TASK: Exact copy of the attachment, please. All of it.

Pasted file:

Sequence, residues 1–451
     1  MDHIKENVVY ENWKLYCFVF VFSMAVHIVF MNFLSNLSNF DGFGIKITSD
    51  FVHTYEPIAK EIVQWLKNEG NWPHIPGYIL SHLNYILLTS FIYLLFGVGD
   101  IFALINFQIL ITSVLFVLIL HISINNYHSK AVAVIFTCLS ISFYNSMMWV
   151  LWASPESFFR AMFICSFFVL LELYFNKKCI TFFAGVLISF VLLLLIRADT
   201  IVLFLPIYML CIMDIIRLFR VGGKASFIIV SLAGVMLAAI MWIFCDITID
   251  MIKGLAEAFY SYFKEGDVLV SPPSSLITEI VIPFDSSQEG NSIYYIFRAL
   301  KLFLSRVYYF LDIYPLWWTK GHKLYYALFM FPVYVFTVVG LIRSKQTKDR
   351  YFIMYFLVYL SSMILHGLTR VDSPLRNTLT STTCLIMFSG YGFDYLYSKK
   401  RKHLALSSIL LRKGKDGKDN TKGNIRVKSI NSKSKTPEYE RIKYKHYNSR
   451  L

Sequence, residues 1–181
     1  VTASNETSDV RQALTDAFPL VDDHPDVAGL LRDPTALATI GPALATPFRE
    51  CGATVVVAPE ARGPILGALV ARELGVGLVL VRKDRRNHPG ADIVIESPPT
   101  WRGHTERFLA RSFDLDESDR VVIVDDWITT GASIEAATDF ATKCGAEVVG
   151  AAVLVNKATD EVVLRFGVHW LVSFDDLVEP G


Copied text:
Sequence, residues 1–451
     1  MDHIKENVVY ENWKLYCFVF VFSMAVHIVF MNFLSNLSNF DGFGIKITSD
    51  FVHTYEPIAK EIVQWLKNEG NWPHIPGYIL SHLNYILLTS FIYLLFGVGD
   101  IFALINFQIL ITSVLFVLIL HISINNYHSK AVAVIFTCLS ISFYNSMMWV
   151  LWASPESFFR AMFICSFFVL LELYFNKKCI TFFAGVLISF VLLLLIRADT
   201  IVLFLPIYML CIMDIIRLFR VGGKASFIIV SLAGVMLAAI MWIFCDITID
   251  MIKGLAEAFY SYFKEGDVLV SPPSSLITEI VIPFDSSQEG NSIYYIFRAL
   301  KLFLSRVYYF LDIYPLWWTK GHKLYYALFM FPVYVFTVVG LIRSKQTKDR
   351  YFIMYFLVYL SSMILHGLTR VDSPLRNTLT STTCLIMFSG YGFDYLYSKK
   401  RKHLALSSIL LRKGKDGKDN TKGNIRVKSI NSKSKTPEYE RIKYKHYNSR
   451  L

Sequence, residues 1–181
     1  VTASNETSDV RQALTDAFPL VDDHPDVAGL LRDPTALATI GPALATPFRE
    51  CGATVVVAPE ARGPILGALV ARELGVGLVL VRKDRRNHPG ADIVIESPPT
   101  WRGHTERFLA RSFDLDESDR VVIVDDWITT GASIEAATDF ATKCGAEVVG
   151  AAVLVNKATD EVVLRFGVHW LVSFDDLVEP G